Beijingers who buy electric cars, or e-cars, could avoid having to take part in the license plate lottery, a spokesman for a Chinese automaker said on Sunday.
People visit the electric cars at the 17th Beijing Science and Technology Week on May 15, 2011. Beijingers who buy electric cars could avoid having to take part in the license plate lottery.
The central government has already announced plans to introduce subsidies to encourage drivers to switch to clean energy models, which will likely be boosted by municipal authorities.
However, during a display at the Olympic Green as part of the 17th Beijing Science and Technology Week, Zhang Yuzhao of Beijing Automotive (BAIC) said e-car buyers will not have to rely on luck to get a registration.
"People with Beijing hukou (permanent residency) will not have to enter the (license) lottery," he told METRO while promoting his company's electric-powered Foton Midi.
"Owners of 100-percent e-cars are not subject to the (monthly) restriction policy."
METRO was unable to confirm the information with the city's transport bureau before going to press.
At 300,000 yuan ($46,170), the Foton Midi is more than twice the price of the gasoline-powered model, although Zhang argued: "With the subsidies, consumers will pay only 180,000 yuan. After running for 90,000 km, the owner saves so much money that it's like the car is free."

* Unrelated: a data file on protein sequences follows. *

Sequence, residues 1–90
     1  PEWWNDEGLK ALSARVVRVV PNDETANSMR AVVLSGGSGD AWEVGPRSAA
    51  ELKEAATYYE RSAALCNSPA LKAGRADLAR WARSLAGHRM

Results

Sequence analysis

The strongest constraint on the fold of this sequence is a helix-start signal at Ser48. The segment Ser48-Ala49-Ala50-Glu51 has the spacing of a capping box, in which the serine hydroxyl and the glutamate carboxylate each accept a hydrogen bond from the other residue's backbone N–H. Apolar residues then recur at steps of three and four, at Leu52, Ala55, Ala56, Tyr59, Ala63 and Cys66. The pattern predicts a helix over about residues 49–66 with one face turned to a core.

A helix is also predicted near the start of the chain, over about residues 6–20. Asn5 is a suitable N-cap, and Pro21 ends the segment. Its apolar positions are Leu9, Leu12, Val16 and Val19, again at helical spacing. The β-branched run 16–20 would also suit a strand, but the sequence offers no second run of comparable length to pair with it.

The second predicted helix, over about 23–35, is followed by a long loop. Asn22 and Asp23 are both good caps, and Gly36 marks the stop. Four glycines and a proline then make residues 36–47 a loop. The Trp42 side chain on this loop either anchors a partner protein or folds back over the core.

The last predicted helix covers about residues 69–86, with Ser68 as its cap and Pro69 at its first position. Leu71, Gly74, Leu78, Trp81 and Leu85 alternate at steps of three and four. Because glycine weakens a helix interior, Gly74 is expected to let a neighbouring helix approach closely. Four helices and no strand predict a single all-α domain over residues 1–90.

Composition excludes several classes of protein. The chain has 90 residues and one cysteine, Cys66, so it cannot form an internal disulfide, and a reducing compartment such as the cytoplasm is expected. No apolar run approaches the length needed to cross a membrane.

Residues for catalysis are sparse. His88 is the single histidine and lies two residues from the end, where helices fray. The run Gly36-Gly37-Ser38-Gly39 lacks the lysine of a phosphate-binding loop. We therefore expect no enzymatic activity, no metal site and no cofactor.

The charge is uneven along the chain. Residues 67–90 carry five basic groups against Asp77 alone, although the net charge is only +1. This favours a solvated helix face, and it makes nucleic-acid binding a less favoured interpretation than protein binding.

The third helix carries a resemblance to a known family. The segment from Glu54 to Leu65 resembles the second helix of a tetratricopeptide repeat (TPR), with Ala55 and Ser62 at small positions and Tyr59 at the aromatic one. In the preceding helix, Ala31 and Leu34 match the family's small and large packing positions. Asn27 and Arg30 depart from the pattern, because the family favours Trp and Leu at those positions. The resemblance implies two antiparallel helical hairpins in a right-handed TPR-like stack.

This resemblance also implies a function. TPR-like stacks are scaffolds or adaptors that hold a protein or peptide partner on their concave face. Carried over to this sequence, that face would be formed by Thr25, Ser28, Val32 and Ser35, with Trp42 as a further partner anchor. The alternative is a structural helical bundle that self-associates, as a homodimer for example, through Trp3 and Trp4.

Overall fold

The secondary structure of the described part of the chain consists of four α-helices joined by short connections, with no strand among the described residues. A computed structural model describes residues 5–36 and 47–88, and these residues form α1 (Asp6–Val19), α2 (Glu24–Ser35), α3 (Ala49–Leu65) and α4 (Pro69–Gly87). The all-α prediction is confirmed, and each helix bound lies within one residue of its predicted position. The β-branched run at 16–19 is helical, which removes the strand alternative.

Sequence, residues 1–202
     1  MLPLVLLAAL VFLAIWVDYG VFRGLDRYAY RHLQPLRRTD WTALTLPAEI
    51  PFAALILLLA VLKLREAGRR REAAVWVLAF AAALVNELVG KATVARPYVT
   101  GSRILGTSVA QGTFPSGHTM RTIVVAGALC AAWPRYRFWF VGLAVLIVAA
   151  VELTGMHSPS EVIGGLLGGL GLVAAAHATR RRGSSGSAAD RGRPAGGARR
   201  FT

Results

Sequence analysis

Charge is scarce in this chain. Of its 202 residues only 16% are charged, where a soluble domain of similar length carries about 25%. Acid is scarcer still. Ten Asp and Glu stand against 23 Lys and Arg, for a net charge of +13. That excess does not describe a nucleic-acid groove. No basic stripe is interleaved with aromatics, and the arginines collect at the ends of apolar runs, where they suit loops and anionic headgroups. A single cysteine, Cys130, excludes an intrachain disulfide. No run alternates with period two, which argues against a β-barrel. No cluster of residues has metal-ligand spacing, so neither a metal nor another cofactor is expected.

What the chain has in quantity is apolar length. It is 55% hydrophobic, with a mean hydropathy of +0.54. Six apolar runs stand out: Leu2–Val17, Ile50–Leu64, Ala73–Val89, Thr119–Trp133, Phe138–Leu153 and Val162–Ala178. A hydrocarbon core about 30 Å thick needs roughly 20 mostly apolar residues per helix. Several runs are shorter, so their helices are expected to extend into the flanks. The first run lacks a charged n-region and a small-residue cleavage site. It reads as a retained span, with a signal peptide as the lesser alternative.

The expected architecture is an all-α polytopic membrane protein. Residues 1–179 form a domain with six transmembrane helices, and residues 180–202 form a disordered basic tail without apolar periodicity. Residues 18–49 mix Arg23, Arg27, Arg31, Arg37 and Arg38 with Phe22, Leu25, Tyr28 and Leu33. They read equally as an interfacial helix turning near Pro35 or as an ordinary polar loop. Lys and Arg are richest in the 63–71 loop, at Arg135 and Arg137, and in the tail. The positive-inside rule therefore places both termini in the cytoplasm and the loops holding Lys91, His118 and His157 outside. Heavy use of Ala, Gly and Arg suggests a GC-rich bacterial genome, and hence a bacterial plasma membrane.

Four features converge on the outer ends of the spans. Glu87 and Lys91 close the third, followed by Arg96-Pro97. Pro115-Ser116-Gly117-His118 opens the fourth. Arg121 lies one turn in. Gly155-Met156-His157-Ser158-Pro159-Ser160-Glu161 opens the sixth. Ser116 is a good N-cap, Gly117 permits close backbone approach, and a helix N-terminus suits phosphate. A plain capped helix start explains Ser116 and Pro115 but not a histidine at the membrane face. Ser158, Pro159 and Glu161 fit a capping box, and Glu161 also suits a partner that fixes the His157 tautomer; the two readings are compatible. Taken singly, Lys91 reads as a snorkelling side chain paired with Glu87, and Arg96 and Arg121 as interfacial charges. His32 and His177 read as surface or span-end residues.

His calculation is based on the fact electricity is currently priced at 0.76 per kilowatt. However, other costs include regularly replacing the battery.
"I think the car is a little expensive," said Lu Xiaowei, a 26-year-old securities analyst who was browsing BAIC's booth. "Anyway, electric vehicles are the future of city transport."
Gao Mei, a 35-year-old senior high school teacher, added: "It's a bargain with governmental subsidies and the easy access to license plates, but I still have concerns of whether the related infrastructure (charging stations) will be put in place soon. Until that has happened, I won't buy one."
BYD, another Chinese car company, plans to launch its E6 model in the capital in July, with prices starting at 300,000 yuan, according to a service worker at its Pengtian'ao branch.
"The company is still waiting on polices concerning governmental subsidies before sales," said Li, who gave only his surname. "Lots of people are calling every day, asking about prices and functions of the E6. As long as the restriction on gasoline car purchase exists, the car will definitely sell well."
Beijing is now building its first batch of three battery swap stations and 16 charging stations, which are slated for completion this year, China Automotive Review reported.
It is also applying to become the sixth pilot city to subsidize buyers of new energy vehicles, following in the steps of Shenzhen, Changchun, Hangzhou, Hefei and Hangzhou.